The word for “take advantage” (CSB) or “defraud” (KJV) or “wrong” (ESV) is the Greek word pleonekteō (πλεονεκτεῖν). This word literally means “to exploit” and while there are several words used to mean ‘wrong’ in the New Testament, this is the only occurrence of pleonekteō. The word before that, that is translated “transgress against”, hyperbainō, is also only used once in the NT. It means to ‘cross over’ (a boundary) or to ‘overreach’.


While there is a sense in which consensual sexual immorality is hurting someone spiritually or stepping over the boundaries of Godly Christian living, the more direct application of these words would be referring to non-consensual sexual actions, where you step over someone’s boundaries and exploit them. While this passage is condemning immoral behavior in general, it is specifically condemning sexual assault, in the specific context of church.


Read it again. Paul is saying that it is wrong to sexually take advantage of or sexually assault a brother or sister.


It is wrong for pastors to prey on young girls and molest them.


It is wrong for the music director to take advantage of after church practice to say inappropriate things to female singers and get them alone with him to feel out their ‘availability’.


It is wrong to use a small group session to listen to people share vulnerable things in their lives and find easy, emotionally needy targets to groom.



Sexual abuse in church (and anywhere else) is wrong. It is wrong to take advantage of someone else sexually because you can’t control yourself. It is wrong to transgress or sin against someone else sexually.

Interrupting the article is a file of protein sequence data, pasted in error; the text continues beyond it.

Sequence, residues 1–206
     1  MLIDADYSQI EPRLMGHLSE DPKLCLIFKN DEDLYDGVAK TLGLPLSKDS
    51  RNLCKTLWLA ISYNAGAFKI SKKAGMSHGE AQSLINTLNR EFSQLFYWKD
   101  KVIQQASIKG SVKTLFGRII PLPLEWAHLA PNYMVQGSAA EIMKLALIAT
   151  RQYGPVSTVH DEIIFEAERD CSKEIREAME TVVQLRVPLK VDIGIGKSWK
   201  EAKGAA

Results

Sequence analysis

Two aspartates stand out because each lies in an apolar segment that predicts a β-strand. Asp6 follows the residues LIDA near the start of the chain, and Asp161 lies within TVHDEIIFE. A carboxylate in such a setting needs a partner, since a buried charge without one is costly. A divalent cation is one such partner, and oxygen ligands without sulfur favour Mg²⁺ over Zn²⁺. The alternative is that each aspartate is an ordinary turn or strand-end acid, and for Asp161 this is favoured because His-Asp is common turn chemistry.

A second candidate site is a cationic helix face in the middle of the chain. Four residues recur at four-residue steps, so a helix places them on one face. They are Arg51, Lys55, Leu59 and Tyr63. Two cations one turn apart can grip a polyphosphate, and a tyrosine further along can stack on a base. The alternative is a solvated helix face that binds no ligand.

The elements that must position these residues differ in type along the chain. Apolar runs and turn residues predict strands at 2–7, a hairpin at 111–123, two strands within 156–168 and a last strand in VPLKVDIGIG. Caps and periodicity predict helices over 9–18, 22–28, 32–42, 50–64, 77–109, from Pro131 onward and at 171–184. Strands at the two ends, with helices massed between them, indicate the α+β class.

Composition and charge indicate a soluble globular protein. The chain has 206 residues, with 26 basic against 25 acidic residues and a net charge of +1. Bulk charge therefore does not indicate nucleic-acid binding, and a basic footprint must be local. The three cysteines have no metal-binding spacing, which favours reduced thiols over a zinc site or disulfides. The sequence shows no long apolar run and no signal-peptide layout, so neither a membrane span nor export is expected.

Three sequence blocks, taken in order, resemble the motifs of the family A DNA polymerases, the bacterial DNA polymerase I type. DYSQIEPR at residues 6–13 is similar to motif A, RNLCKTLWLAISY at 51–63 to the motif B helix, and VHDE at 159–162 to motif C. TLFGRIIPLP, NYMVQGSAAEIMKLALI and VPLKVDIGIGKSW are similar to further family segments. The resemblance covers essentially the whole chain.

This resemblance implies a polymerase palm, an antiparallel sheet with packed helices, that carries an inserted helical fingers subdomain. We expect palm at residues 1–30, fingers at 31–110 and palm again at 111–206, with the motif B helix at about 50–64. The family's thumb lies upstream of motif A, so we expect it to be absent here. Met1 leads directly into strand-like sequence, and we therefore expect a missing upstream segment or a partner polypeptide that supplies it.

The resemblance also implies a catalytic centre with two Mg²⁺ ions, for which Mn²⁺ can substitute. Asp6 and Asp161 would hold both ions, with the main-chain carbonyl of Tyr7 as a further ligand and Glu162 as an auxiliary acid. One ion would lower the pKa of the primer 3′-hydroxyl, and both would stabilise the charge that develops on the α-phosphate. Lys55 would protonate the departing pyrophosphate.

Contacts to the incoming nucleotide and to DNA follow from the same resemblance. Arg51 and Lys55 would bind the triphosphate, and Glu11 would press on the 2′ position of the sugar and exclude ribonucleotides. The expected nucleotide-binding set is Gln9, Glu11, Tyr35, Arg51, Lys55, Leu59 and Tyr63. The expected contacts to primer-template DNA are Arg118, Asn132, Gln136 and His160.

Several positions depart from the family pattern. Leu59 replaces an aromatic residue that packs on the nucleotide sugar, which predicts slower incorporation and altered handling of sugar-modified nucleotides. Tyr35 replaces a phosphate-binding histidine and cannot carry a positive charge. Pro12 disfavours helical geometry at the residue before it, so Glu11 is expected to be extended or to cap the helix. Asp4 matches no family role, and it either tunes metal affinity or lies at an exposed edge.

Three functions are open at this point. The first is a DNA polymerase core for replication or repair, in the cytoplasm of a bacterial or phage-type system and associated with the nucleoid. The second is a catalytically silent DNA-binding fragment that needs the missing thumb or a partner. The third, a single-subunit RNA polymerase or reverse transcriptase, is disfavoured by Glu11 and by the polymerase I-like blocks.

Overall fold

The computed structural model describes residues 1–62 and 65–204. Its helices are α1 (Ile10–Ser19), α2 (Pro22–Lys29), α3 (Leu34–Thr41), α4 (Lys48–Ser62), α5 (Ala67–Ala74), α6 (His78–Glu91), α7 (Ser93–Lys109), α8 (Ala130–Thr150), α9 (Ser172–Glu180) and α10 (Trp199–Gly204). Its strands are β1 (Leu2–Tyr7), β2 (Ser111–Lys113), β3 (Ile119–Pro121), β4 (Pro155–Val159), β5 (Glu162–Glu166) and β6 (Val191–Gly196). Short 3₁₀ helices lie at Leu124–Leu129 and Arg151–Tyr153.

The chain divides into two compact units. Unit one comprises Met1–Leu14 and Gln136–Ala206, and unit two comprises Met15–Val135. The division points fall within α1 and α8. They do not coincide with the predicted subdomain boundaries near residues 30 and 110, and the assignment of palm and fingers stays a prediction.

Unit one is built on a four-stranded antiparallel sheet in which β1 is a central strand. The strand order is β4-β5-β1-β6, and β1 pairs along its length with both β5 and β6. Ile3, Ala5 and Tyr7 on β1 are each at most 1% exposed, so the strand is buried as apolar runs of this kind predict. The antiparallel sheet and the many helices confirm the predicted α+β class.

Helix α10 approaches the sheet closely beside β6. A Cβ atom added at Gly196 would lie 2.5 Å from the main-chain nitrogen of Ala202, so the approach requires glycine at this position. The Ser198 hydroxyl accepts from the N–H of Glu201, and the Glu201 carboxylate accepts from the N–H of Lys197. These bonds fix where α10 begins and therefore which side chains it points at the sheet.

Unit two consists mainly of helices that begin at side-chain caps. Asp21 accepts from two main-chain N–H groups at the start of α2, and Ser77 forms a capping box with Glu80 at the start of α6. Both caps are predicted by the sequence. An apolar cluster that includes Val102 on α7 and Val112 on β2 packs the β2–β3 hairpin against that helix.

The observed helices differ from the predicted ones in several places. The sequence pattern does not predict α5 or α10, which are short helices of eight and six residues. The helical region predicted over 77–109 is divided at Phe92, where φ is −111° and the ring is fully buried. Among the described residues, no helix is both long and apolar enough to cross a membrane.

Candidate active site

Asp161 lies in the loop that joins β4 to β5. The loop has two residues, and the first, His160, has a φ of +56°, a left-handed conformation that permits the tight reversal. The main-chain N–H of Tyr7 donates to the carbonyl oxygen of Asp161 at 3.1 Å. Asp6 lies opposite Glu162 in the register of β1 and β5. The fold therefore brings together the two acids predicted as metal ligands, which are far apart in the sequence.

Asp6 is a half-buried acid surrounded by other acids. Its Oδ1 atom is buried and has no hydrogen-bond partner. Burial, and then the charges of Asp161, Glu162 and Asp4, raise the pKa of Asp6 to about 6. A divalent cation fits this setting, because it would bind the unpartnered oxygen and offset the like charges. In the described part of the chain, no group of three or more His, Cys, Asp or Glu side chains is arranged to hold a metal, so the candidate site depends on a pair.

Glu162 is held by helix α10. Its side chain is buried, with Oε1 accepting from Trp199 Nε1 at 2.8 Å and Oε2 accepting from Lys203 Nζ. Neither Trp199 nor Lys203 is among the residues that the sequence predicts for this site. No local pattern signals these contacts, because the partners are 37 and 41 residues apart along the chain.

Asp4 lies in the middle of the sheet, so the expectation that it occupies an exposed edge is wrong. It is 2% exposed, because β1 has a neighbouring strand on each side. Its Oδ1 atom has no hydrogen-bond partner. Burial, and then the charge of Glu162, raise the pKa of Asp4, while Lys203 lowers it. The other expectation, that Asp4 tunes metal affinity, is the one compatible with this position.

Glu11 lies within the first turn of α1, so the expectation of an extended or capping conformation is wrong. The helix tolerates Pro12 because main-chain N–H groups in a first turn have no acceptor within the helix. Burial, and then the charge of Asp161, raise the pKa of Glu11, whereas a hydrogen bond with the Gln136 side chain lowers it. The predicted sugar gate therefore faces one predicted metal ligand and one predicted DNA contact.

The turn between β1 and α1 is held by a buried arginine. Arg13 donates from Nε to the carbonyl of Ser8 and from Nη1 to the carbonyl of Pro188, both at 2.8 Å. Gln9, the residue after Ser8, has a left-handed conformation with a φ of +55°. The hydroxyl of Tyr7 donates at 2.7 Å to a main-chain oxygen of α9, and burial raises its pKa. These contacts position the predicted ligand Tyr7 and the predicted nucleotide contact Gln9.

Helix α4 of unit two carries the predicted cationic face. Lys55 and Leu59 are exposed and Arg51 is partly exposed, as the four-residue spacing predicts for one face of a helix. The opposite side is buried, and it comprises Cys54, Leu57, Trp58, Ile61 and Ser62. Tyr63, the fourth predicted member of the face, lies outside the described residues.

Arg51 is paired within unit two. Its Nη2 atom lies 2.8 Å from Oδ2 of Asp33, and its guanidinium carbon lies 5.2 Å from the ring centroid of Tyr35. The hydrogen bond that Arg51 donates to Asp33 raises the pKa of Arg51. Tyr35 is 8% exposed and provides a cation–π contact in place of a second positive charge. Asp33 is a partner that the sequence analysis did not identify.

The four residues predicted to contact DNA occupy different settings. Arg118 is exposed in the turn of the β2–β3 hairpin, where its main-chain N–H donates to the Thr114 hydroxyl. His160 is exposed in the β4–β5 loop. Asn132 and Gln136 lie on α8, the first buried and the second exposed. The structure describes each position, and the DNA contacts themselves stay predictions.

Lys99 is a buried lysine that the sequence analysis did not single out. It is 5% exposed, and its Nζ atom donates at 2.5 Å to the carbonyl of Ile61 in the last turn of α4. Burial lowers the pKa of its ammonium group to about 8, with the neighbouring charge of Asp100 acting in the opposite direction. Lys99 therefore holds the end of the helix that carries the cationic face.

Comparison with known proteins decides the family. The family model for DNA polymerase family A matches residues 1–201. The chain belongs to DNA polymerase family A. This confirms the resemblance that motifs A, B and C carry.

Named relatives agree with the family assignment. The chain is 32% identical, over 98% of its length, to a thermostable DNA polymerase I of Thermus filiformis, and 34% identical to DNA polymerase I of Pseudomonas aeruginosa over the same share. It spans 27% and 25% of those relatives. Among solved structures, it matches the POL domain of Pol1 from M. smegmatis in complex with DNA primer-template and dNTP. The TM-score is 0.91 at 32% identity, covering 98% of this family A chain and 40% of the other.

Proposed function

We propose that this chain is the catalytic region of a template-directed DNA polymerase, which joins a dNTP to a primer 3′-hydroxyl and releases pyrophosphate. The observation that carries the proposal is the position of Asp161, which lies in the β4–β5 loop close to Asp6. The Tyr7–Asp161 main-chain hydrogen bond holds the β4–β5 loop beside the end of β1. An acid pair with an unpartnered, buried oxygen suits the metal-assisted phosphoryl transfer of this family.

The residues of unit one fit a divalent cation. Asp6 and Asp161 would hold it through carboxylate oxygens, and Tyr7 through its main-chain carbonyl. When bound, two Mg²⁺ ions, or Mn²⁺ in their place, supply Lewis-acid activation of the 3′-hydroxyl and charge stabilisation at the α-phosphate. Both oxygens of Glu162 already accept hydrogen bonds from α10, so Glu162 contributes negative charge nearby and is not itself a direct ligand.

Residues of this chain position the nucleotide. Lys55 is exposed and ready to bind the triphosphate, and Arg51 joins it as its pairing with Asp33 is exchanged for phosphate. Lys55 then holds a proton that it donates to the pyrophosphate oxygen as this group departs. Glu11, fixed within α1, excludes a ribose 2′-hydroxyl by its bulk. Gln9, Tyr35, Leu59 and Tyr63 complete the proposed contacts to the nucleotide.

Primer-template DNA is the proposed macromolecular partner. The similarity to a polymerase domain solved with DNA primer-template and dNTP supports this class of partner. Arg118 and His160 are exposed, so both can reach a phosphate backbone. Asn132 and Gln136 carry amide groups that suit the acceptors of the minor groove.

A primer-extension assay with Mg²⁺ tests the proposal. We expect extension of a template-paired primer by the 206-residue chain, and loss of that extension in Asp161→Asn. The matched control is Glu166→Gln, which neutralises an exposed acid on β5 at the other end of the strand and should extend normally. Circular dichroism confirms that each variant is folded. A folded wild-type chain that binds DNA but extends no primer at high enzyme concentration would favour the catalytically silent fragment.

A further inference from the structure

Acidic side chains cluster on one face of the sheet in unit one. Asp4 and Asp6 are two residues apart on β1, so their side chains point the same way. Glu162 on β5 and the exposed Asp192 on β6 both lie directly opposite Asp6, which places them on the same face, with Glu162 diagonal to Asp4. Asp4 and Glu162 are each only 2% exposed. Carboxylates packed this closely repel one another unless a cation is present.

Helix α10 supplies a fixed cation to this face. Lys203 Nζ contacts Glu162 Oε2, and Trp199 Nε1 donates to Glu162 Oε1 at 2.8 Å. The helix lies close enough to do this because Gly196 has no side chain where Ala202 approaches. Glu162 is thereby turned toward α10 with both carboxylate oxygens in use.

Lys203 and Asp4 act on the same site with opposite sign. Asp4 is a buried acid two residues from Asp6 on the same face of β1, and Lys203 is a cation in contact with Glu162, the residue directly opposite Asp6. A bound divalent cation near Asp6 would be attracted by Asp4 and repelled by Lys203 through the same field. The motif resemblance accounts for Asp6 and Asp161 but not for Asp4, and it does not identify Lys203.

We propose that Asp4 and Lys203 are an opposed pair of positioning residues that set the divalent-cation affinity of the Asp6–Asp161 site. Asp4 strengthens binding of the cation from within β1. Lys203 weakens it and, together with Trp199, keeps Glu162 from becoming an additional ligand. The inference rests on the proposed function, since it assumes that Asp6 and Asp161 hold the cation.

This makes even more sense considering the next verse. Paul soberly reminds them that God will avenge these offenses. While God is specifically listed as the avenger, it is important to remember that God has appointed the government as his earthly extension of justice.

 

 “Romans 13:3-5: “For rulers are not a terror to good conduct, but to bad. Do you want to be unafraid of the authority? Do what is good, and you will have its approval. For it is God’s servant for your good. But if you do wrong, be afraid, because it does not carry the sword for no reason. For it is God’s servant, an avenger that brings wrath on the one who does wrong (CSB).”

 

If you are sexually abused or assaulted, in church or elsewhere, God wants you to utilize his servant the government, to assist in bringing his justice. Sadly, the justice system fails many victims, and this verse ultimately serves as a promise that even if justice is not carried out on earth, God will carry out a decimating, unparalleled judgment where the unrepentant “detestable” and “sexually immoral” will be thrown into the lake of fire, to suffer an eternal death (Rev 21:8).